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Basslines and Protest Signs Part 71: I Can’t Breathe

George Floyd memorial mural (photo: Leonhard Lenz)

As I sit to write this column, the prosecution and defense attorneys in the Derek Chauvin case, the officer who killed George Floyd in Minneapolis in May 2020, are making their opening statements. All eyes are on this courtroom, as law enforcement faces arguably its biggest trial since the case of Rodney King.

Prosecutor Jerry Blackwell did something very simple and effective — he played the full nine and a half minute video that shows Chauvin kneeling on Floyd’s neck. Long before Floyd died, he was clearly unresponsive. Restrained in handcuffs with a police car right next to him and a second officer on hand to help. The video allows the jury to simply see for themselves what happened. It’s right there on film.

The defense got off to a rocky start, stating that the case is about more than the video — more happened beforehand. This is surely a nonsense argument. But it feeds into the right wing social media frenzy of “Floyd wasn’t an angel.” So what? It actually doesn’t matter what happened before, and it really doesn’t matter if Floyd was guilty of anything. This isn’t Judge Dredd, a police officer isn’t judge, jury, and executioner. They don’t have the legal right to dish out death sentences willy nilly. 

“Mr. Derek Chauvin betrayed this badge when he used excessive and unreasonable force upon the body of Mr. George Floyd,” Blackwell said. “That he put his knees upon his neck and his back, grinding, and crushing him until the very breath — no, ladies and gentlemen, until the very life was squeezed out of him.”

“This case is not about split-second decision-making,” he continued. “In 9 minutes and 29 seconds there are (569) seconds, not a split-second among them. That’s what this case is about.”

Eric Nelson, defense, tried a longshot approach. “You will learn that Derek Chauvin did exactly what he had been trained to do over the course of his 19-year career,” he said. “The use of force is not attractive but it is a necessary component of policing.”

Again, the jury has seen the video. They know that Floyd was unresponsive, that members of the public were pleading with the two officers to take his pulse, to get off his neck, to put him in the car. A voice yells, “He’s not resisting arrest,” while calling the officer a bum and noting that Chauvin is enjoying himself.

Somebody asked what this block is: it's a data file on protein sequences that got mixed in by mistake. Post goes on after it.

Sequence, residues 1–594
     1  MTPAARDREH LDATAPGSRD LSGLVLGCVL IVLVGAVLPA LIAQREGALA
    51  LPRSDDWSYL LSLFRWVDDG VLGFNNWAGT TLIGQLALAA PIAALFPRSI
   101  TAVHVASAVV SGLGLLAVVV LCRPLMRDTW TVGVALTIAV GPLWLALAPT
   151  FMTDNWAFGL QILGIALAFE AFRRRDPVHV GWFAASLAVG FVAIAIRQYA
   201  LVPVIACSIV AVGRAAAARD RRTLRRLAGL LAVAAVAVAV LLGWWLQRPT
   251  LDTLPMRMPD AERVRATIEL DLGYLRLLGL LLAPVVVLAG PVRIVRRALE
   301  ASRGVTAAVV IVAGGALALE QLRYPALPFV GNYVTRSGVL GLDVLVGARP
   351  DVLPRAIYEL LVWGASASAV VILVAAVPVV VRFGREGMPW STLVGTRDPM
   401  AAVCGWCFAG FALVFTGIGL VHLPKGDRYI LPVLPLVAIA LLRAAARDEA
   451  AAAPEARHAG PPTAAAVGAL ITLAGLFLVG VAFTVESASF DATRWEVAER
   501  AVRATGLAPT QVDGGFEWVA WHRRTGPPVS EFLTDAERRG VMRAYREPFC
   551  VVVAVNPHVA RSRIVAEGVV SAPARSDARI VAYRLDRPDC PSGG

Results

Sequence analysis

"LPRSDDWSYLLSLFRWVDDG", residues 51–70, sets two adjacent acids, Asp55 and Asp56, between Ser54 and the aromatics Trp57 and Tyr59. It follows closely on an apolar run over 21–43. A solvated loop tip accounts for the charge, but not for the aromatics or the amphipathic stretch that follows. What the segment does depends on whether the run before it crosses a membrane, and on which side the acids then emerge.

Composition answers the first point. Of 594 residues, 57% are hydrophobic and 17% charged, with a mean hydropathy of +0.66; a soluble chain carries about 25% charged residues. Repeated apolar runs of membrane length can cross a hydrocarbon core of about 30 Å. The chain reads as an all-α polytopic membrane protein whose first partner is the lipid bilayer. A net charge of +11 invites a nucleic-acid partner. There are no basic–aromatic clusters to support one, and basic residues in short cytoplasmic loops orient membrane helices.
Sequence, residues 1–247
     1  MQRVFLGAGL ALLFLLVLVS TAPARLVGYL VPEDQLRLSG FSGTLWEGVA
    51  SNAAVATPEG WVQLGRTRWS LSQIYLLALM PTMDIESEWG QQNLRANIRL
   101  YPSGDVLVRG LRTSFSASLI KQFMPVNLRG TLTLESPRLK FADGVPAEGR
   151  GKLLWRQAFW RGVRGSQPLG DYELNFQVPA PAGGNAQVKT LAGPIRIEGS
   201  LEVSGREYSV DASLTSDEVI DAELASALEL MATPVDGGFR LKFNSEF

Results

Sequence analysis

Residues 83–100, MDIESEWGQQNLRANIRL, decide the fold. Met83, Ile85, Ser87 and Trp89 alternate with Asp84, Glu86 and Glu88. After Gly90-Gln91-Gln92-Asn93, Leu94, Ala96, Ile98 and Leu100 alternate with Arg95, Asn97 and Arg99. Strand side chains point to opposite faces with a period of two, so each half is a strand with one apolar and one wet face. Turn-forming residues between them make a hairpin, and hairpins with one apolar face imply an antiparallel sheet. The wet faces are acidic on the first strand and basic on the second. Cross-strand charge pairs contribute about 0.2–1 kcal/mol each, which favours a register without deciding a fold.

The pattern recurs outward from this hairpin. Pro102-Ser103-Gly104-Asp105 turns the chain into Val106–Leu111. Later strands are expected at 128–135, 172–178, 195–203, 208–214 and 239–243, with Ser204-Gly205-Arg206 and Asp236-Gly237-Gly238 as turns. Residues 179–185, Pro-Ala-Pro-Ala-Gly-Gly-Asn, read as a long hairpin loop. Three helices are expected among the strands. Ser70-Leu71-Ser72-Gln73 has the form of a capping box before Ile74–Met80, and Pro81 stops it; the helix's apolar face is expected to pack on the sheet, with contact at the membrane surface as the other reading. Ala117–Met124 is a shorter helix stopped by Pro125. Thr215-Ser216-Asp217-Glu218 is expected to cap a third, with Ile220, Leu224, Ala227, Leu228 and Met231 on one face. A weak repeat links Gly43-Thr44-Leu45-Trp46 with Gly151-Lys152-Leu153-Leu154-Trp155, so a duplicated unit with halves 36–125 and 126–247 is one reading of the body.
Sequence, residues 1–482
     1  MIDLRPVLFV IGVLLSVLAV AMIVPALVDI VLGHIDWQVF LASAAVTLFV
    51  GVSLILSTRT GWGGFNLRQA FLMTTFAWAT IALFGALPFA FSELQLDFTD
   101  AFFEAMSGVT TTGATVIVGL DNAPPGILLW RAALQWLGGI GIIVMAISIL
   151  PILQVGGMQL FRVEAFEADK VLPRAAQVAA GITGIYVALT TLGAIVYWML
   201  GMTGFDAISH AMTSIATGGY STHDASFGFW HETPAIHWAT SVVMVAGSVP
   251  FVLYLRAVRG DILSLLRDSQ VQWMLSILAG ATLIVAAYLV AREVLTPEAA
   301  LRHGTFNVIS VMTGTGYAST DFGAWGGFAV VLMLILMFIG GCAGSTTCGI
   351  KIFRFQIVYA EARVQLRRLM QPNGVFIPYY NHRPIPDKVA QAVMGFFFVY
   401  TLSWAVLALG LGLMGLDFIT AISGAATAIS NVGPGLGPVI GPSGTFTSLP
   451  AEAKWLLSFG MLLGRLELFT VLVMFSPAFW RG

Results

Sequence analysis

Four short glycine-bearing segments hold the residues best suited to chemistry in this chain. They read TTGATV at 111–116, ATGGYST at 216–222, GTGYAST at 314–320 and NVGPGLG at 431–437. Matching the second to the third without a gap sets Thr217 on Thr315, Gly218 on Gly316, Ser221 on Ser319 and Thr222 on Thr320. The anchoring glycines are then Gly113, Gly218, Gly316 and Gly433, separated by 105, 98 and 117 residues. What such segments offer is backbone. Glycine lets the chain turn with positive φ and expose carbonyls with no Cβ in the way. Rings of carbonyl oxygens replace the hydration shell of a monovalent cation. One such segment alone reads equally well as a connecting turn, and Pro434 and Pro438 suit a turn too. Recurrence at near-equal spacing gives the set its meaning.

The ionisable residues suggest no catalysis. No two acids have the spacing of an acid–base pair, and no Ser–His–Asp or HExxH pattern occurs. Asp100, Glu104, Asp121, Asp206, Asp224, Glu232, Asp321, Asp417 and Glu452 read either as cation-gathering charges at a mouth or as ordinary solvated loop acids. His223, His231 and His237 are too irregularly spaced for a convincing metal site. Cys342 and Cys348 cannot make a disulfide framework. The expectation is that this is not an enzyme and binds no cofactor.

The defense said in their opening statement that the proof will show that asphyxiation was not the cause of Floyd’s death, but rather a heart attack brought on by drugs and adrenalin. We’ll have to see about that, but it still seems like superfluous information. The only relevant question is: Would Floyd have died if Chauvin hadn’t kneeled on his neck? Would he have just keeled over? Seems doubtful.

This would seem to be an open and shut case. Nailed on. But if the Rodney King trial, or Philando Castile, or the countless other people of color killed by law enforcement, has taught us anything, it’s that we can’t be too confident. The evidence here is overwhelming but the trial has to go ahead. Everybody must be heard, and then the jury will make a decision. We have to hope that this time justice will be served.

“What it means to be a public servant and have the honor of wearing this badge,” Blackwell said. “It’s a small badge that carries with it a large responsibility and large accountability to the public. What does it stand for? It represents the very motto of the Minneapolis Police Department. To protect with courage, to serve with compassion, but it also represents the essence of the Minneapolis police department approach to the use of force against its citizens when appropriate.” 

When appropriate. Nobody can reasonably think that police work doesn’t involve some use of force, to restrain where necessary. But that’s not what we see on that video. “Reasonable force” doesn’t apply here.

The murder of Floyd of course sparked many protests throughout the summer. And naturally, many musicians were involved including YG, Halsey, and Jennifer Lopez. More recently, a number of Minneapolis musicians came together to record a reggae song in protest.

Michael Bland of Soul Asylum and Prince’s New Power Generation worked with Jonas Brothers band member Ryan Liestman and R&B singer Carolyne Naomi to record protest anthem “Enough.” 

Bland told Minnesota newspaper the Star Tribune that, “We watched our city come together last year, march together and help each other, people of all colors. We want to encourage everyone to continue sticking together — even if [the trial] gets ugly.” 

“I think this had to be a reggae song,” added Liestman. “Reggae has always been about social commentary and bringing people together around social injustice. It’s message music first and foremost.”

The lyrics of the song include the lines, “Free or guilty, It’s gonna get filthy, You better believe, Roll up your sleeves,” and “We need action now, People won’t wait.”

Terrence Floyd, brother of George, is getting behind the drum kit for an entire protest album with the Rev. Kevin McCall, as reported by the Associated Press.

“I want to pay my respects to my brother any way I can, whether it’s a march, whether it’s just talking to somebody about him, or whether it’s doing what I do and playing the drums,” Terrence told AP. “His heartbeat is not beating no more but I can beat for him.”

The currently untitled project features songs with titles like “No Justice No Peace,” and it includes singer Malikka Miller. It can currently be found on most major streaming services.

Expect republicans to continue playing the false equivalency of comparing the protests following Floyd’s murder to the violent insurrection on January 6. All we can do is keep the truth, keep justice at the forefront of our minds, and hope for a just verdict this time.